• Matthew F. Tympanick

Legal Exposure: Unpacking Malik McDowell‘s Criminal Charges


Image via NY Post


This article is a first in a series of articles regarding the Malik McDowell case.


As reported today by Jake Trotter of ESPN Cleveland, Cleveland Browns Defensive Tackle Malik McDowell was arrested on three charges including: Aggravated Battery on Law Enforcement, Resisting Arrest Without Violence and Public Exposure of Sexual Organs. As stated in the police report, law enforcement responded to an area regarding a report of a naked man walking around near a school. Law enforcement attempted to contact the individual later identified as Malik McDowell and Mr. McDowell allegedly responded, “fuck you”. Mr. McDowell allegedly charged the officer at full speed with a closed fist. Mr. McDowell then allegedly rammed his body into the law enforcement officer and began swinging a closed fist at the officer and struck the right eye/temple area on the officer’s forehead. The officer eventually was able to fight off Mr. McDowell and Mr. McDowell allegedly fled on foot from the scene. Mr. McDowell was eventually then tased after a short foot pursuit. The Defendant is being held on a $27,000 bond.


Let’s get this out of the way, the Defendant will eventually enter a plea of guilty to the exposure of sexual organs charge and resisting arrest without violence charge. The rationale behind is that those facts mentioned above if proven to be true allow for little to no room for reasonable doubt as to the Defendant’s guilt. The officer observed the sexual organs and once a jury hears that it was near a school, they will not have any sympathy for the Defendant. Also, Mr. McDowell allegedly resisted arrest without violence when he fled the scene on foot as the officer was attempting to complete his investigation into the naked man. Those two charges are misdemeanor charges and the least of Mr. McDowell’s problems. The issue for Malik McDowell will be the Aggravated Battery on Law Enforcement charge.


Under Fla. Stat. 784.07(2)(d), Aggravated Battery on Law Enforcement occurs when a Defendant intentionally caused bodily harm to the victim (law enforcement). Malik McDowell intentionally or knowingly caused (one of the following) 1) great bodily harm to the victim; 2) permanent disability to the victim; or 3) permanent disfigurement to the victim. Victim was a law enforcement officer and Defendant knew victim was a law enforcement officer. This is an exceptionally serious charge. That is because it a first-degree felony in the State of Florida. That means it is punishable by up to thirty years in prison and a 5-year minimum mandatory sentence. That means if Malik McDowell is convicted or pleads guilty as charged, he must serve 5 years in prison day for day. In other words, he must serve 1,826 days in prison (365 days x 4 years + 366 days for 1 year as one year would be a leap year) before he is eligible for release from prison. There is nothing the Judge can do to change that. Additionally, with a conviction for a first-degree felony comes with it a mandatory adjudication of guilt. That means if Mr. McDowell is convicted as charged, Mr. McDowell would automatically become a convicted felon as well for life.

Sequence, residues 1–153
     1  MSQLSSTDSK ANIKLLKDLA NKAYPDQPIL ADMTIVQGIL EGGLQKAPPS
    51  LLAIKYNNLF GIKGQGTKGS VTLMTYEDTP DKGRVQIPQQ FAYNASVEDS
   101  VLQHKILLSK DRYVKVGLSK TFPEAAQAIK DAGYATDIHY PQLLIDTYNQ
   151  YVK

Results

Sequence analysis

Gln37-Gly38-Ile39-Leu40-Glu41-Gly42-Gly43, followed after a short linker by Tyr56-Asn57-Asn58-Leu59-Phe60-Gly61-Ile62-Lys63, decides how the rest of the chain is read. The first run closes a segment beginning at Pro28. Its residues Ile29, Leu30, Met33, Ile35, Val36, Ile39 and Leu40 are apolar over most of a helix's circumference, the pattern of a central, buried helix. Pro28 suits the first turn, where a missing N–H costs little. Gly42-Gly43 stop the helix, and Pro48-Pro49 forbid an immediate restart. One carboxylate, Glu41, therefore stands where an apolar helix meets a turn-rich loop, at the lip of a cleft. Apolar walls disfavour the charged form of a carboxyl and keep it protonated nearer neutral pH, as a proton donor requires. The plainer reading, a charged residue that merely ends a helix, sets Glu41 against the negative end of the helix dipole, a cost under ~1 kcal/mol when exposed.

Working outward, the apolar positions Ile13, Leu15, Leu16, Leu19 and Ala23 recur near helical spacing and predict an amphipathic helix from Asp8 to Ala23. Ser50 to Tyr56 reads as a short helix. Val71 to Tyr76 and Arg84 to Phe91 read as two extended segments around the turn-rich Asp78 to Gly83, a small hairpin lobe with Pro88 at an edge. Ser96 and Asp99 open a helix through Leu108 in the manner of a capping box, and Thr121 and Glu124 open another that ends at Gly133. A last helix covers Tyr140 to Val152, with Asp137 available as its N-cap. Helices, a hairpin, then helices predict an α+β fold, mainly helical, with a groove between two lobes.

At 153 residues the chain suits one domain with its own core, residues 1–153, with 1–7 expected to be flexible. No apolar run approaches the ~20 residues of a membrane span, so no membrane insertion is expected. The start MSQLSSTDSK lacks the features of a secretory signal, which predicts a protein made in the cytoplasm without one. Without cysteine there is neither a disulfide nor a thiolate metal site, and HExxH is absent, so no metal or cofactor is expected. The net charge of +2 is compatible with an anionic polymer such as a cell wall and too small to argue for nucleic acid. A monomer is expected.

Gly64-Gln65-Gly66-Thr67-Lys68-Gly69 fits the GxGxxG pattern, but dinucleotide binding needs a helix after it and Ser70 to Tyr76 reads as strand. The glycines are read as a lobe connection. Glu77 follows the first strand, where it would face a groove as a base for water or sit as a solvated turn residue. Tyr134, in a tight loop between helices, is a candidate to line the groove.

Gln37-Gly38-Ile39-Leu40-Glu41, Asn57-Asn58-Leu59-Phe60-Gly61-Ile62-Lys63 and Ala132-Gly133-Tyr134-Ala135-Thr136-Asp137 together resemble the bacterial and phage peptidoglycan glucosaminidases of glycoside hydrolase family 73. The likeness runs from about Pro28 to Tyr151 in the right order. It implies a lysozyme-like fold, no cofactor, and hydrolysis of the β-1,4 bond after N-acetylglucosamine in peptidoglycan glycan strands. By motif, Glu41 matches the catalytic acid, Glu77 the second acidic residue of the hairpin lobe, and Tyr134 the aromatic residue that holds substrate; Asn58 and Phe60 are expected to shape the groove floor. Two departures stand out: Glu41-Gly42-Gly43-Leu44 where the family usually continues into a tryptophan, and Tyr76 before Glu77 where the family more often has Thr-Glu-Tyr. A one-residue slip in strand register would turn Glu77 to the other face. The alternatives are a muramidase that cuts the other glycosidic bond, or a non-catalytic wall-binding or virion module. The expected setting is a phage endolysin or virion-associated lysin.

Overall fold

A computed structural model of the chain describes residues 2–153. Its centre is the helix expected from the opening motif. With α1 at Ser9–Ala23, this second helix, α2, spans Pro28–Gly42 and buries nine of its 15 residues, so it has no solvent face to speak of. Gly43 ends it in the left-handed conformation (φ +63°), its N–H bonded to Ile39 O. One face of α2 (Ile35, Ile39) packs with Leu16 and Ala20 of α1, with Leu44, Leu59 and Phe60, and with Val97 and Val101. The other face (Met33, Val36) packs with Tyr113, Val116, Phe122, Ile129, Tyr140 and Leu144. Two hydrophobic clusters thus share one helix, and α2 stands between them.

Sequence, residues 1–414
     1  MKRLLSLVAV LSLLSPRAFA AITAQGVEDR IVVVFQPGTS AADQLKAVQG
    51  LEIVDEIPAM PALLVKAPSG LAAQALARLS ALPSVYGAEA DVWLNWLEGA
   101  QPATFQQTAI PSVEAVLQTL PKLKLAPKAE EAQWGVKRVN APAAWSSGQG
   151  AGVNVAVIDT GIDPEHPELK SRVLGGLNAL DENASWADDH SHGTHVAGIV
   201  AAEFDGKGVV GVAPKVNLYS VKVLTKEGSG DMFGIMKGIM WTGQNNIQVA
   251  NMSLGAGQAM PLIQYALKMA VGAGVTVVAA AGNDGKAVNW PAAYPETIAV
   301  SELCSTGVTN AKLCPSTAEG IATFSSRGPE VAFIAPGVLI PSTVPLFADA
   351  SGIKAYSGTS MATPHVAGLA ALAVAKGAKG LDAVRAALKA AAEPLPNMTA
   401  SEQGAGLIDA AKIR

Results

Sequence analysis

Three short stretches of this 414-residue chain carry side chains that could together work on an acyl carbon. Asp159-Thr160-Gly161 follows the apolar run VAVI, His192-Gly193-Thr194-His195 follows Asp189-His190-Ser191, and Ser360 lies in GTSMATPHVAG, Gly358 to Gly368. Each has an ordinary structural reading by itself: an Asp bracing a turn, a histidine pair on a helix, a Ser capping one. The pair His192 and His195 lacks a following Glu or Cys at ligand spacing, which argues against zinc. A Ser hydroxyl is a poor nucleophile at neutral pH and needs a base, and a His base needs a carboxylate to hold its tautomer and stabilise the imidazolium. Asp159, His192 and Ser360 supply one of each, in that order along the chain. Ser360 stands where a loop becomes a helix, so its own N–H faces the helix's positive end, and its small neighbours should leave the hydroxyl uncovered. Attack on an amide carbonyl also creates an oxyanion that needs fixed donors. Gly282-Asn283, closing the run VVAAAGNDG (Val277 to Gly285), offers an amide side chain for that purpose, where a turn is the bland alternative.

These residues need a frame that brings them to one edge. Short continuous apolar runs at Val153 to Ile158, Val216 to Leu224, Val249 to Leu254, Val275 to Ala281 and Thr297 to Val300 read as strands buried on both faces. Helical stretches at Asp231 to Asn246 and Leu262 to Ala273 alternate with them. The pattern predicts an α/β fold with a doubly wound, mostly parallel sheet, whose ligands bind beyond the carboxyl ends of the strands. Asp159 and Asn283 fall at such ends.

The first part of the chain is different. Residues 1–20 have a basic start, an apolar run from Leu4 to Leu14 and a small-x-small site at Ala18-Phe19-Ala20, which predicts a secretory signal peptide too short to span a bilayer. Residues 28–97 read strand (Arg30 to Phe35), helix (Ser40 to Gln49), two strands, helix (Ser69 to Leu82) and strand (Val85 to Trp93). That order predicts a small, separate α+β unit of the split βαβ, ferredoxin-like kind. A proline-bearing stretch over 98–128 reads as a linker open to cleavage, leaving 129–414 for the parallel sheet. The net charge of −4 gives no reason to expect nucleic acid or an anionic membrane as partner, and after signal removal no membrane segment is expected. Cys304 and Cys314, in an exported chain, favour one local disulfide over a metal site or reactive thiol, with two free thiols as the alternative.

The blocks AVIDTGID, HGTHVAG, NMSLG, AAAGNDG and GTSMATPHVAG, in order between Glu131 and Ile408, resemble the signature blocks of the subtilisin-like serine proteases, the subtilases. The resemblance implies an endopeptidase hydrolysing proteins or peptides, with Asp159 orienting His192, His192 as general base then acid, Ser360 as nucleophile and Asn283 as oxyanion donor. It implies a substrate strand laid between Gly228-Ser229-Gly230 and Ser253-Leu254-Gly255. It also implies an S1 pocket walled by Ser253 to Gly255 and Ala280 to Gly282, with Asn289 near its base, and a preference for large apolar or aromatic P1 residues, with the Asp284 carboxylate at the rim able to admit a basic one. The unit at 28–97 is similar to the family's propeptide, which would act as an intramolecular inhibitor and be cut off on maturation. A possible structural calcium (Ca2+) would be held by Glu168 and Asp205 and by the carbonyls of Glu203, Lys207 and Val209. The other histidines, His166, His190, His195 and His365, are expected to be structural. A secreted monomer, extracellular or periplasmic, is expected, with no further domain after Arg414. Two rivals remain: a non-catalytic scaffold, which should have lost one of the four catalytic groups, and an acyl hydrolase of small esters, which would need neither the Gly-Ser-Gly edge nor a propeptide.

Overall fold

The biggest issue in this case will undoubtedly be whether the officer suffered permanent disfigurement. That is because if he/she did not, the Defendant would not be convicted as charged. Very likely he would be convicted of a lesser included of battery on law enforcement which is a 3rd degree felony and would spare the Defendant a mandatory prison sentence and a mandatory adjudication. Right now, the facts as stated are not in Mr. McDowell’s favor, but this criminal case is ever an open and shut case. This is going to be an exceptionally important offseason for the NFL career and the life of Malik McDowell. In the next article we will discuss what other potential defenses he may have and how his attorney may use them.


Matthew F. Tympanick, Esq. is the Founder/Principal of Tympanick Law, P.A., located in Sarasota, Florida where he focuses his practice on Criminal Defense and Personal Injury Law. Arrested or Injured? Don’t Panic…Call Tympanick! He is a graduate of the University of Massachusetts School of Law where he served as a Public Interest Fellow and a Staff Editor on the UMass Law Review. He was previously a felony prosecutor, he prosecuted thousands of misdemeanor and felony criminal cases. You can follow him on Twitter @Tympanick20 and @TympanickLaw.